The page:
Construction crews are still a regular presence on the north side of Marshalltown, where one year ago an EF-3 tornado carved a path through residential streets and the community’s downtown.
A crew working for Habitat for Humanity cuts pieces of beige siding to patch up a family home hit by the storm. Contractor Dan Warnell said the siding was torn off in the wind and flying debris knocked holes in the roof. Still, the home could be recovered. Not the house next door.
“Now, this house is getting tore down in about four or five days,” Warnell said, pointing out blown-out windows and paint-stripped siding that must look much the way it did after the storm. “Yeah, the tornado wasn’t nice to this house,” he said.
The tornado that hit Marshalltown was one of 19 that spun out of storms in central Iowa in one afternoon on July 19, 2018. Twisters also dropped near Ankeny and Bondurant and a tornado destroyed part of the Vermeer machinery plant in Pella.
The Marshalltown tornado travelled a path nearly nine-miles-long and up to two-thirds of a mile wide, with winds estimated around 144 mph. More than 1,800 homes had some damage from the storm and the city expects around 60 will eventually be demolished.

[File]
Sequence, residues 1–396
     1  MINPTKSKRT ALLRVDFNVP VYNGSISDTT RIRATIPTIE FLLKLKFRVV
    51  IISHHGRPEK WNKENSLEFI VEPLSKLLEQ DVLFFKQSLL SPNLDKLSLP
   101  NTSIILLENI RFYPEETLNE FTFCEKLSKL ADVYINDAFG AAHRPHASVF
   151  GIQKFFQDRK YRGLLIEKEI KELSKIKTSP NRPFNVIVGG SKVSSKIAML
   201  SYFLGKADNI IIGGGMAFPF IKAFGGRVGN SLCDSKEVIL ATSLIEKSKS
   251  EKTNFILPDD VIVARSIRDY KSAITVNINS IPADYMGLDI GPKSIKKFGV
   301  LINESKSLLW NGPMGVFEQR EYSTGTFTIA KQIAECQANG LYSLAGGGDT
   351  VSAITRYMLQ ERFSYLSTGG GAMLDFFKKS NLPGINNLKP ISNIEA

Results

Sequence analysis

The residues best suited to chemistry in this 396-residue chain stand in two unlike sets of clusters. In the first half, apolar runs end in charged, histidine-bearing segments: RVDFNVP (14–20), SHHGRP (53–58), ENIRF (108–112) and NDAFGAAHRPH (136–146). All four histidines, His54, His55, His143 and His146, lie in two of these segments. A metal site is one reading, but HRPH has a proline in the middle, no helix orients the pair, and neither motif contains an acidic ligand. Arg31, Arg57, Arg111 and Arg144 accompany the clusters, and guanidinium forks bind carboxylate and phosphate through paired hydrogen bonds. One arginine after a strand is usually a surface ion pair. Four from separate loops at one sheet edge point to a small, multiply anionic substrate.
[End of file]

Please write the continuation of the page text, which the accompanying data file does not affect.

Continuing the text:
One year later, some parts of the city are set to rebound better than ever. But the residents who could least afford the damage will still be recovering from it years from now.
Paying the bill
The route of the tornado can be pieced together by following the trail of homes with freshly laid shingles, bright, new vinyl siding and tall trees left with spindly canopies. But while many homes are back to normal, other families are still working through how to afford costly repairs.
Maria Gonzalez and Amber Smith walk down a street where the city says some of the homes are structurally unsafe. The case managers for MICA, a nonprofit helping families recover from the storm, explain that appearances can be deceiving. Even homes that seem to be fixed up may still be in trouble.
Gonzalez points to a sea-green stucco house on the corner with a new, fire engine-red, steel roof. Before the roof could be installed this year, winter snow and spring rain broke through, leaving moldy walls and wet wiring.